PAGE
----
The Tech - Online EditionMIT's oldest and largest
newspaper & the first
newspaper published
on the web
Boston Weather: 65.0°F | Mostly Cloudy

Scandal Hits Japanese Parliament

By T.R. Reid
The Washington Post


Ichiro Ozawa, a member of Japan's national Diet, or parliament, and a key strategist for the country's ruling coalition, called a press conference Monday to argue that his own receipt of contributions from a scandal-tainted construction firm proves the need for a law he is pushing to tighten contribution rules.

Seemingly unbothered by his brush with scandal, Ozawa conceded the truth of press reports saying he received contributions last December from Kajima Corp., a general contractor that has recently been charged with bribing numerous senior politicians to help win government contracts.

Ozawa insisted that the contributions were legal. Whether or not this is so depends on how much money was received and how it was used, but he provided little information on those points.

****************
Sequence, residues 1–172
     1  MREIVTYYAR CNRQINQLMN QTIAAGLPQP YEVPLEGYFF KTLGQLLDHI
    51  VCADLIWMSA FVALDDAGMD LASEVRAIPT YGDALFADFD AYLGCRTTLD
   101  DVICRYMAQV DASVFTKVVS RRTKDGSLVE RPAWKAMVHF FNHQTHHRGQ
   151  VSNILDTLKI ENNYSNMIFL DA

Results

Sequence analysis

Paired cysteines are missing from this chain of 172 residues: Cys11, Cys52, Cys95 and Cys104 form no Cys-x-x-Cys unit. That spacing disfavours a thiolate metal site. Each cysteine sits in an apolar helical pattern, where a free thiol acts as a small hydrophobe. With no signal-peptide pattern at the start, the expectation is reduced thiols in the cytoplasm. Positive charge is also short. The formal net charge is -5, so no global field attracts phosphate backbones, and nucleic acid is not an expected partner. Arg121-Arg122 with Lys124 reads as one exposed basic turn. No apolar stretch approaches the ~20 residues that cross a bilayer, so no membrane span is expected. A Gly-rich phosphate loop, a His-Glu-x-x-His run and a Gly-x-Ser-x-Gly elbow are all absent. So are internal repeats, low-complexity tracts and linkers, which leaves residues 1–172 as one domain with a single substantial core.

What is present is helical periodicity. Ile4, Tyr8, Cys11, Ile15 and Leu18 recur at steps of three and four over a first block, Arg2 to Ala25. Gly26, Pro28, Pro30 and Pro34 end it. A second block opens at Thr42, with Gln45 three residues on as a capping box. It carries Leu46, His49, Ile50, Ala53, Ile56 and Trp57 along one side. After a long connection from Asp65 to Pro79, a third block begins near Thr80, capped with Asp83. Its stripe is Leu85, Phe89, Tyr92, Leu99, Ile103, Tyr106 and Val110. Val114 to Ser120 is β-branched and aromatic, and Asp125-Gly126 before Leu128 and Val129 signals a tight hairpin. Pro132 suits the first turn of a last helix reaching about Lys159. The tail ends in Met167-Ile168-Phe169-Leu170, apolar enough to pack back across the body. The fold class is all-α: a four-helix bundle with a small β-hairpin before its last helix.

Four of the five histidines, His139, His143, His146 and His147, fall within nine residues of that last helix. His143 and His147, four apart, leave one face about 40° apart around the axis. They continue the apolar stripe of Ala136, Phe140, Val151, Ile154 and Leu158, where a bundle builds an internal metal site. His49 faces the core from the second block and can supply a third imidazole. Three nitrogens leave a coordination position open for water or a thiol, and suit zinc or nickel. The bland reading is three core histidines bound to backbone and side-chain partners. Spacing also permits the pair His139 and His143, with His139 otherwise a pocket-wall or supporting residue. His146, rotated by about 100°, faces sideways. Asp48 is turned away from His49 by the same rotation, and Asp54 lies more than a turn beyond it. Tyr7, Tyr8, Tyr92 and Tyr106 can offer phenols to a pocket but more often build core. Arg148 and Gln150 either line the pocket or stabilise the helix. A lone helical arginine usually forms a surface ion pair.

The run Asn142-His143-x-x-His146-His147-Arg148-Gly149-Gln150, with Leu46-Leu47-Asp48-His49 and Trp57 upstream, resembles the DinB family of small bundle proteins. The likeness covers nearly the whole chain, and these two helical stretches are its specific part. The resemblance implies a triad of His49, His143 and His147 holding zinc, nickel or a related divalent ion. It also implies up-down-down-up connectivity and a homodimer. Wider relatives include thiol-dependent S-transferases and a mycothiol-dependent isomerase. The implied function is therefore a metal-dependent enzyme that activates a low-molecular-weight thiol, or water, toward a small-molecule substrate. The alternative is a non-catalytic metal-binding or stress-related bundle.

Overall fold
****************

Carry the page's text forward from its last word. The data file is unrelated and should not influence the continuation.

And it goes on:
Ozawa is a key player in the coalition government's effort to pass a major new political "reform" law, including tough regulations on corporate contributions. Prime Minister Morihiro Hosokawa must gain passage of the bill in the lower house of the Diet by next week in order to get it enacted by the end of the year -- his chief legislative priority.

If Hosokawa can steer the bill to passage, that will greatly enhance his stature, and probably extend the life of his coalition government for a year or more. Enactment of the political reform bill would assure Hosokawa the clout to make other key changes, including opening Japan's rice market to imports from the United States and elsewhere.

If the political reform bill does not pass in the next two weeks, it probably will not be fatal for the coalition. But a failure on this key effort could undermine Hosokawa's potential to achieve the broad economic and regulatory changes he is seeking.

Ozawa, 50, was a rising star, key political strategist and big fund-raiser for the Liberal Democratic Party, which controlled Japanese politics for 38 years. But this year he played a central role in the mutiny within the party that helped end its rule and usher in Hosokawa's historic coalition government.

The contributions at issue were received when Ozawa was a Liberal Democrat. The Asahi Shimbun reported that he got contributions from Kajima Corp. twice a year for several years. Ozawa denied receiving regular contributions, but said Monday, "The reports that my political committees received contributions from Kajima last December are true."